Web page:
Leading with Heart

June 26, 2018

“I hope you have thick skin.”

Those were my mother’s first words when I informed her in 1986 that I would become the executive director of the Michigan High School Athletic Association. Mother spoke from experience, being married to the executive director of the Wisconsin Interscholastic Athletic Association from 1957 through 1985. She witnessed how consistent and cruel criticism can be toward those administering a competitive enterprise which almost daily declares winners and losers by virtue of time, distance or score.

The past 32 years have shaded my hair and softened my waist; and while the years have also toughened my hide, they have not hardened my heart. From the very first days until now, I’ve led with my heart and exposed my passion and convictions.

I do not apologize that I’ve placed greater importance on character building than skills development. On team over individual. On the needs of the 99 percent of participants over desires of the one percent of elite athletes. On subvarsity programs. On junior high/middle school students.

On practice, more than competition. On the regular season, more than postseason tournaments. On multi-sport participation. On leadership training. On sportsmanship. On coaches education, especially with respect to health and safety.

There will always be calls for more ... longer seasons, additional games, more distant travel, larger trophies. More necessary are the voices that recall the mission of competitive sports within schools, recite the core values of educational athletics, and work to reclaim the proper place of sports in schools and of school sports in society.

I believe that under-regulated competition leads to excesses, but properly conducted and controlled competitive sports is good for students, schools and society; and I believe a life devoted to coaching or administering such a program is a life well lived.

Cheering for Sportsmanship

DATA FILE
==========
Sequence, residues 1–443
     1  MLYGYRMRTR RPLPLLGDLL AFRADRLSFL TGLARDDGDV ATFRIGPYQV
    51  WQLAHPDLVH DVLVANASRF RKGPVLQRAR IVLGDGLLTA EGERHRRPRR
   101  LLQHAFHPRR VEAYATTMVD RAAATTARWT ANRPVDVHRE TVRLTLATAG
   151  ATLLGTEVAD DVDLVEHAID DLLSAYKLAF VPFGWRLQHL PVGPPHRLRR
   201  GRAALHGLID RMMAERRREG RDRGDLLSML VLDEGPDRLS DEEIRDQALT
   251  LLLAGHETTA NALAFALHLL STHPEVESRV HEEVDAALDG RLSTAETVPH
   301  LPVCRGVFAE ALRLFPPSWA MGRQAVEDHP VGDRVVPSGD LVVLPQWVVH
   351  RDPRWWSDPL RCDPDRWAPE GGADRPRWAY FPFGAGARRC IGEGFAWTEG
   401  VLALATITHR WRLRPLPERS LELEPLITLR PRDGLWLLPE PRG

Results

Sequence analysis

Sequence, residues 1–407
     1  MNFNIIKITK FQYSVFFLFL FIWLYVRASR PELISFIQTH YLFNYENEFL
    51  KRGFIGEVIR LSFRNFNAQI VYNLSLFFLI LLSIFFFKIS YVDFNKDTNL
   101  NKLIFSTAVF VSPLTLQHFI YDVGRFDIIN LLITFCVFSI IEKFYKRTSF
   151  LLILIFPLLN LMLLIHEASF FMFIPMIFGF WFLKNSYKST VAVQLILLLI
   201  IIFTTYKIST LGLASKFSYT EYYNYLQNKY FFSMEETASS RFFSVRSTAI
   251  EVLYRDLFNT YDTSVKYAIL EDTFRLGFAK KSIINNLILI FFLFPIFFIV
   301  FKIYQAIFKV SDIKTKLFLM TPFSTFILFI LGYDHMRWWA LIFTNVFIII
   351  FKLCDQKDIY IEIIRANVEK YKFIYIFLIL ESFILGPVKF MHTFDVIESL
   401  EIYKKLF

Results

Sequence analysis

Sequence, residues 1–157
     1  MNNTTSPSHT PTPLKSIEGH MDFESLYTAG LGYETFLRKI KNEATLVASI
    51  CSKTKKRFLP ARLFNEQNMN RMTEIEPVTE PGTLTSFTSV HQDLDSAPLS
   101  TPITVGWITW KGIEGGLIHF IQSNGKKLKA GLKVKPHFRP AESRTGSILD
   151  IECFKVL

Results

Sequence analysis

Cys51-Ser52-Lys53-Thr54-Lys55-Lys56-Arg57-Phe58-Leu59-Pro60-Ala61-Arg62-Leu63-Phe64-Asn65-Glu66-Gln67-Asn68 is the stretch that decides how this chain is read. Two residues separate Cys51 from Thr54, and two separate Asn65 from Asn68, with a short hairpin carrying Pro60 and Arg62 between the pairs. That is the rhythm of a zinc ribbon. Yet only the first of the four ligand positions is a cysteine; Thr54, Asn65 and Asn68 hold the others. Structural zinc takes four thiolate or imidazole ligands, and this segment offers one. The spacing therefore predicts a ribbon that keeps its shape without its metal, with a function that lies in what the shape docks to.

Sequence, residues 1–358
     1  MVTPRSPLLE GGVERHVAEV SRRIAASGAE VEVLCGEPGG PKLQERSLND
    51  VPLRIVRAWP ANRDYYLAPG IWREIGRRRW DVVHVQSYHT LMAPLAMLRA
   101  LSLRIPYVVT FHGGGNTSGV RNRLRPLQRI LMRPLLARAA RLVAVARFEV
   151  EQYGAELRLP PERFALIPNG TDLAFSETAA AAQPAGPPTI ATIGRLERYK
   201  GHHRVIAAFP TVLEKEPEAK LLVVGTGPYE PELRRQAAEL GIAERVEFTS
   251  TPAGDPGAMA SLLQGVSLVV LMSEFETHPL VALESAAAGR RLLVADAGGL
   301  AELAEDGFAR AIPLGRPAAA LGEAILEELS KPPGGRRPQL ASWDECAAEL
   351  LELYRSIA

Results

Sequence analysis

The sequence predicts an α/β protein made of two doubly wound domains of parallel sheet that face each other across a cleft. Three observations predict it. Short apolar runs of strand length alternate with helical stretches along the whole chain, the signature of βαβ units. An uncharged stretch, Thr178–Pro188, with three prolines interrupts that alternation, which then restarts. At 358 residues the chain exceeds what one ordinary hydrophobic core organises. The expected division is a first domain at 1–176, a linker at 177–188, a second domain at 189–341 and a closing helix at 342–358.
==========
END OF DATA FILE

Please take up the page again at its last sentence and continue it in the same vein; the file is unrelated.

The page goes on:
July 31, 2018

(This blog first appeared on MHSAA.com on January 8, 2013.)

I try to start each new school year at the Michigan Interscholastic Press Association summer camp at Michigan State University. I talk briefly about who the MHSAA is and what it does; and then two or three dozen high school newspaper editors and writers ask me questions; and in doing so, they give me clues to what’s going on in our schools and what’s important to our students.

Several years ago, when I opened the session to questions, one young man asked: “Mr. Roberts, what’s your job?” I paused, and then said, “I guess I’m the head cheerleader for high school sports in Michigan.”

So then this precocious student asked: “Okay, what do you cheer for?”  With a briefer pause, this is some of what I said:

  • I cheer for sportsmanship that’s not merely good, but great.

  • I cheer for sportsmanship, not gamesmanship.

  • I cheer for playing by the rules, both the letter and the spirit.

  • I cheer for maximum effort to try to win each and every contest.

  • I don’t cheer for winning at any cost; I do cheer for learning at every opportunity.

  • I cheer for losing with grace and for winning with even greater grace, with humility and modesty.

  • I cheer for the lessons of victory and the even greater lessons of defeat.